In This Article
The birds are chirping, the flowers are blooming, and tree buds are sprouting everywhere… it’s what you’ve been waiting for all winter. Then a sneeze comes on, your eyes and throat start itching wildly, and you know they’re here… the dreaded spring allergies!
You start popping Zyrtec, Claritin, Allegra, or Benadryl, eye drops, nasal sprays—whatever you need to do to control your annoying symptoms. But you’re tired and groggy from all the meds and from the constant allergen assault on your immune system. You might start to wonder, is there a better way to deal with seasonal allergies? We hope so!
Let’s take a look at why allergies, including spring and seasonal allergies happen in the first place to see if there’s an opportunity for us to intervene and help make our symptoms—and our lives—a little more comfortable.
Allergies stem from a weak yet over-active immune system. It’s true that our immune system is our defense system, but it isn’t supposed to be launching an attack against the foods we eat and the world we live in—we shouldn’t be allergic to life!
When the immune system is strong, it launches appropriate attacks only when necessary. According to John Hopkins Medicine, its purpose is to defend and protect us against genuinely dangerous and foreign substances like certain bacteria, fungi, and viruses. If an infectious agent does get into the body, the immune system’s job is to attack and destroy it before it wreaks havoc on our system.
But when our immune system is weak, it starts to malfunction and recognize innocuous substances (e.g., pollen, dander, food) as a threat. Obviously this is not ideal. The goal is to balance the immune system—not weaken or strengthen it—so that it functions as it should in each given situation.
Antihistamines like Benaryl, Zyrtec, Claritin and others are the most common drugs used for seasonal allergies. They work by blocking or opposing the activity of histamine receptors in the body, masking the symptoms (until it’s time for another dose) but doing nothing to help heal the condition itself. In fact, these so-called “aids” may even push the body further into dysfunction, weakening your immune system more so that the next time we’re exposed to that allergen, our system reacts even more poorly.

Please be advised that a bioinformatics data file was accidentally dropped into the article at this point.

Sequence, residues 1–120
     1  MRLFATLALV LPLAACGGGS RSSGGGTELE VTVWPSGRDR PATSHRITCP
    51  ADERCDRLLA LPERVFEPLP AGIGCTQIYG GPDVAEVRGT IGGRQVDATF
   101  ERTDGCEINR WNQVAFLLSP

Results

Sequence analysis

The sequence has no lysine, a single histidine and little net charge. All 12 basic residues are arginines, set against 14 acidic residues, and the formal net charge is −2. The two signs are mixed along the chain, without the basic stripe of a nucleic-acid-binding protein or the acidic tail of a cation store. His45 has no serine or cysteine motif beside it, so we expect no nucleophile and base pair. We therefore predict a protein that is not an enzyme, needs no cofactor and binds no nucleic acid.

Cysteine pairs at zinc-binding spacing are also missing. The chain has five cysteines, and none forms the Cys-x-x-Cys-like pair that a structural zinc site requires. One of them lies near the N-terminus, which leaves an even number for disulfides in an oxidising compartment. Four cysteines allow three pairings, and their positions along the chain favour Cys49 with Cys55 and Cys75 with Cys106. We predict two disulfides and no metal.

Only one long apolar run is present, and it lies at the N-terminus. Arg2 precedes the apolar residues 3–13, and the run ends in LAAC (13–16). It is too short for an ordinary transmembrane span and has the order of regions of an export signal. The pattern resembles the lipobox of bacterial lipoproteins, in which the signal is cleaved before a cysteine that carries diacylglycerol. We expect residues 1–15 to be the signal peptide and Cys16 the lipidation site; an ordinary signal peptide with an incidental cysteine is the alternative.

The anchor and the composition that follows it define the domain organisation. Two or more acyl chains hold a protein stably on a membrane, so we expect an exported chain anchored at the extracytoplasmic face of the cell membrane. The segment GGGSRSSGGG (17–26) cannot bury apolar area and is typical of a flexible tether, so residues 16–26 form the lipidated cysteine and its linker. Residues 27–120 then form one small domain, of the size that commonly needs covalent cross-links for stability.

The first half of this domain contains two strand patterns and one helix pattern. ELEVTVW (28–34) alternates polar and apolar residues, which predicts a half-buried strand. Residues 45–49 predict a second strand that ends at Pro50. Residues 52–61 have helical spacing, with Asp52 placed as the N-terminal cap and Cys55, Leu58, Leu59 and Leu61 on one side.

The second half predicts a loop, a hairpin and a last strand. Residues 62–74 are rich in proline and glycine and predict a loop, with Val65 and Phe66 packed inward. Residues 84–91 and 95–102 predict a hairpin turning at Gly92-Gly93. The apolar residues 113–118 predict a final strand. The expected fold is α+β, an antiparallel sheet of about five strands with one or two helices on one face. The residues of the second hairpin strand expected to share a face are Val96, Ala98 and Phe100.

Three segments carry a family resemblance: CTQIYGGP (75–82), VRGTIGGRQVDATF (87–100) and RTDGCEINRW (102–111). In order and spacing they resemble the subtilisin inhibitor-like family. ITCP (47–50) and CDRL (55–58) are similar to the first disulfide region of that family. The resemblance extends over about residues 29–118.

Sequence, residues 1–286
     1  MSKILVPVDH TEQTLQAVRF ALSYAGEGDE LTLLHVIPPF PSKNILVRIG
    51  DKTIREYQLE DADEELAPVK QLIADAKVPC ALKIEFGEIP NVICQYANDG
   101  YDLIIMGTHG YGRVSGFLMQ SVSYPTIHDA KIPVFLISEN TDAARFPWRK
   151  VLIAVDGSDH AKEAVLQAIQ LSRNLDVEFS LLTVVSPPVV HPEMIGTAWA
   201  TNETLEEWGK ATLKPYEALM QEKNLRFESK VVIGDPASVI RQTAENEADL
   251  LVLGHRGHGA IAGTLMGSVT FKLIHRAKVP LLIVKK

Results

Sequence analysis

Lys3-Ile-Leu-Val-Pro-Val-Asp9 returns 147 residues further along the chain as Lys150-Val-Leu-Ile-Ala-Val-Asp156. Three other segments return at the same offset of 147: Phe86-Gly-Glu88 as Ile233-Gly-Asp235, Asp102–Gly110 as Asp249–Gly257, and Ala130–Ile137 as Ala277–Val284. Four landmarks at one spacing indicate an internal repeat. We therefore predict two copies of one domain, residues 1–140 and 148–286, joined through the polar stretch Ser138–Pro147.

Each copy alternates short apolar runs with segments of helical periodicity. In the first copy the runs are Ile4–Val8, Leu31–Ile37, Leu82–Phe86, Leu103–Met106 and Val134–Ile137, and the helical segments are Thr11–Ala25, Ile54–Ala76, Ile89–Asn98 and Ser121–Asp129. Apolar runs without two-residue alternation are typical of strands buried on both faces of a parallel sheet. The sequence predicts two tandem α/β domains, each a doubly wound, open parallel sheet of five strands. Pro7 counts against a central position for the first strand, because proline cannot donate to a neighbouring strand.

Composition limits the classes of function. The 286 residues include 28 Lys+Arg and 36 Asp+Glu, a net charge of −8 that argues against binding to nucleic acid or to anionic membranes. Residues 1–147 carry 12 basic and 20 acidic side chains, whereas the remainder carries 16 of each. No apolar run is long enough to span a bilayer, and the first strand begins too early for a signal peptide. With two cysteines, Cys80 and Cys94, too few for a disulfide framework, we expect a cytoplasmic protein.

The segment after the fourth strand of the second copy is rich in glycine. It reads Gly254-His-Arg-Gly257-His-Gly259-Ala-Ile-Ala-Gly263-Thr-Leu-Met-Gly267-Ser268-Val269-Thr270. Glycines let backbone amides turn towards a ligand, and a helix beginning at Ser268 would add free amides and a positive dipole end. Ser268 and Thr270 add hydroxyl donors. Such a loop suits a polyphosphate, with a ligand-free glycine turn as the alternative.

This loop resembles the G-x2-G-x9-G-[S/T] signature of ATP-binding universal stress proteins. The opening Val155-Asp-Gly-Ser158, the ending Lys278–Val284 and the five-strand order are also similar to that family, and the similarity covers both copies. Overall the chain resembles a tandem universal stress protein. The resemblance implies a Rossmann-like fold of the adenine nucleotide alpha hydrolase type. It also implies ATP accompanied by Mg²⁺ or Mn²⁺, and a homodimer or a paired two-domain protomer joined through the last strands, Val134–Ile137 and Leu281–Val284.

Why are the allergic reactions happening in the first place? Why is the immune system weak and over-zealous? These are questions we need to examine for ourselves to attack the problem at its source. The answers may be different for each person, but highlighting some common patterns among those who suffer from allergies may shine the light on some good places to start to bring the body into better balance.
Our digestive tract is home to 70–80% of our immune tissue, so this is an area not to be ignored. Home to trillions of bacterial cells, researchers have discovered that it’s a lack of diversity in gut bacteria that can be a driving force in developing allergies. Having enough healthy bacteria is essential for a strong immune system.
And when you consider the unhealthy foods we eat, as well as the unavoidable stress, the GMOs damaging our intestinal walls, and all the pesticides and toxins we constantly come into contact with, it’s no wonder our immunity is taking a big hit!
Clearly, probiotics would be of good use here to increase healthy bacteria in the digestive tract to boost immunity and ward off the not-so-nice pathogenic bacteria. Look for a high-quality probiotic that ideally has more than just 1 or 2 strains, as more strains may be better to attain more diversity of bacteria. But find what works for you—we’re all different, and some may do better with a couple specific strands instead of many.
Traditional fermented foods like sauerkraut or pickles are another way to get natural probiotics without having to take a pill. But all pickles are not created equal! It’s important that the foods are found in the refrigerated section of your grocery store. If they’re not refrigerated or have vinegar listed as an ingredient (to mimic the taste of natural fermentation), then it’s not truly fermented! The fermentation process is what yields all the great probiotic strains your gut and immune system need, so don’t be fooled by those imitators.
If high quality, yogurt can be great too. But make sure you find one that says it contains live cultures, and search for one without added sugar (including artificial sweeteners!) or junky, unnecessary ingredients. Look for full-fat dairy too—as fat, 1 of the 3 main macronutrients we need in our diets, is necessary for proper digestion and assimilation of nutrients. And it will keep you satiated and satisfied for longer so that you’re not reaching for a snack an hour or two later.
Once we realize that seasonal allergies stem from a weak immune system, as well as one that is a hyper-reactive and over-zealous, we can look at things to help strengthen and boost our defense system, as well as things to calm it down so it will quit misfiring against anything and everything.